The main symposium will take place from Tuesday morning, 9 July, until the afternoon of Friday 12 July. On Monday 8 July there will be a presymposium short-course on ice penetrating radar science and engineering for early-career researchers. Also on Monday 8 July, side meetings will also be scheduled for collaborative radar sounding projects including BedMap3 and the SCAR AntArchitecture project.
Radio-echo sounding is a powerful geophysical technique for directly characterizing the subsurface conditions of terrestrial and planetary ice masses at the local, regional and global scales. As a result, a wide array of orbital, airborne, towed and in situ instruments, platforms and data analysis approaches for radar sounding have been developed, applied or proposed. Terrestrially, airborne radar-sounding data have been used in physical glaciology to observe ice thickness, basal topography and englacial layers for more than five decades. More recently, radar-sounding data have also been exploited to estimate the extent and configuration of subglacial water, the ice-sheet surface, the geometry of subglacial bedforms, the spatial variation of basal melt, englacial temperature, and the transition between frozen and thawed bed. Planetary radar sounders have been used or are planned to observe the subsurface and near-surface conditions of Mars, Earth’s Moon, comets and the icy moons of Jupiter. These instruments provide critical subsurface context for surface-sensing, particle, and potential-field instruments in planetary exploration payloads. This symposium will discuss advances in radar-sounding systems, mission concepts, signal processing, data analysis, modeling and scientific interpretation.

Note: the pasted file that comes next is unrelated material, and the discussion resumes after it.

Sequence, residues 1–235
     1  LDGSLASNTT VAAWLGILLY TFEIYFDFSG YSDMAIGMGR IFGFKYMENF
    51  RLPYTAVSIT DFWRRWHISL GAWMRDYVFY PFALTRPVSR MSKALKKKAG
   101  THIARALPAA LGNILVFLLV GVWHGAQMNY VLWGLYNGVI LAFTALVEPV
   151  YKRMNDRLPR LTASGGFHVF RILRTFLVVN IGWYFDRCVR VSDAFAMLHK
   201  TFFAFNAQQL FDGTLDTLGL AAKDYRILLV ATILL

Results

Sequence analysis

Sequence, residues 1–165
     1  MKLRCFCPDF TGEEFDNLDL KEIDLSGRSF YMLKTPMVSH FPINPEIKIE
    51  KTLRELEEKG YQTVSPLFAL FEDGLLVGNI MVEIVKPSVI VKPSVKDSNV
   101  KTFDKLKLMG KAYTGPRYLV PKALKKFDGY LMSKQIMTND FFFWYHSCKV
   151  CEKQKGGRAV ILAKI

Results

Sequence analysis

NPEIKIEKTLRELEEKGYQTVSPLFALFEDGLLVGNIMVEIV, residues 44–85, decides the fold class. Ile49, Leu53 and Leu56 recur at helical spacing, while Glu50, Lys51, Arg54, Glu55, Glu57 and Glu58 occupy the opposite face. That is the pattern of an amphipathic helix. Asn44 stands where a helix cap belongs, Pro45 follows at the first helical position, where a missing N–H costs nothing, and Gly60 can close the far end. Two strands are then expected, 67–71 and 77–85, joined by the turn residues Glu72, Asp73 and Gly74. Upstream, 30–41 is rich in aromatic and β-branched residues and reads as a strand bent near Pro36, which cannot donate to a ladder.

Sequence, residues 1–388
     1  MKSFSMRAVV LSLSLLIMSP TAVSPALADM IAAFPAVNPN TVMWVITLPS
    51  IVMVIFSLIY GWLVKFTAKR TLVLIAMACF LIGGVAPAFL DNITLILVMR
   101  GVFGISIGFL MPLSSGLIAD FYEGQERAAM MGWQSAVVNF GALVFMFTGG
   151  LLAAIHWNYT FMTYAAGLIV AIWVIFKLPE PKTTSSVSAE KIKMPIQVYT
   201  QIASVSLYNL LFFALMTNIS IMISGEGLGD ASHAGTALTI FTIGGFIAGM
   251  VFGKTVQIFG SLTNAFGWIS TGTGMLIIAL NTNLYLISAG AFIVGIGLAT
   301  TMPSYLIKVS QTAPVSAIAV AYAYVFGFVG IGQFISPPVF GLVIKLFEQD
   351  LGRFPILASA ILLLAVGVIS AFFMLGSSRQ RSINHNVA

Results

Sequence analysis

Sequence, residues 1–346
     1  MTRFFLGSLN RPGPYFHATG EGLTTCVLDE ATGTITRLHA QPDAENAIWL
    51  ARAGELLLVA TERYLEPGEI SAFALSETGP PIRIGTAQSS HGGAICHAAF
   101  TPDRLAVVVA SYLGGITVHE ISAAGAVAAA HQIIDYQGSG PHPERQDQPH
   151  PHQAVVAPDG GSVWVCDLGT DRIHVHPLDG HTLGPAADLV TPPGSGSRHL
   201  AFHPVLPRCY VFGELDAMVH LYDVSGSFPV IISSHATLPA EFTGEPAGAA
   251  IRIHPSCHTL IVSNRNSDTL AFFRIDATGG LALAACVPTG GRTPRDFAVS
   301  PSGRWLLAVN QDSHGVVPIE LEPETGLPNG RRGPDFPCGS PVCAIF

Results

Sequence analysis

We seek papers and presentations that advance the understanding radar sounding and its use in physical glaciology. Key focus areas include (but are not limited to):
1. Radar systems: development, performance and platforms
2. Data: intercomparison, validation and release
3. Radar processing: propagation, inversion and automation
4. Englacial structure: layers, deformation and accretion bodies
5. Attenuation: near-surface properties, temperature and chemistry
6. Bed conditions: topography, roughness, thermal state and hydrology
7. Interpretation: comparing observations with modeling and theory
8. Planetary radioglaciology: radar investigations of planetary cryospheres
Abstract and Paper Publication:
Participants wishing to present a paper (oral or poster) at the Symposium must submit an abstract by 31 March 2019. Abstracts need to be submitted via the IGS website. Accepted abstracts will be posted on the Symposium website.
The Council of the International Glaciological Society will publish a thematic issue of the Annals of Glaciology on topics consistent with the symposium themes. Submissions to this issue will not be contingent on presentation at the Symposium, and material presented at the symposium is not necessarily affirmed as being suitable for consideration for this issue of the Annals. Participants are encouraged, however, to submit manuscripts for this Annals volume. The deadline for submission of Annals papers is 1 August 2019.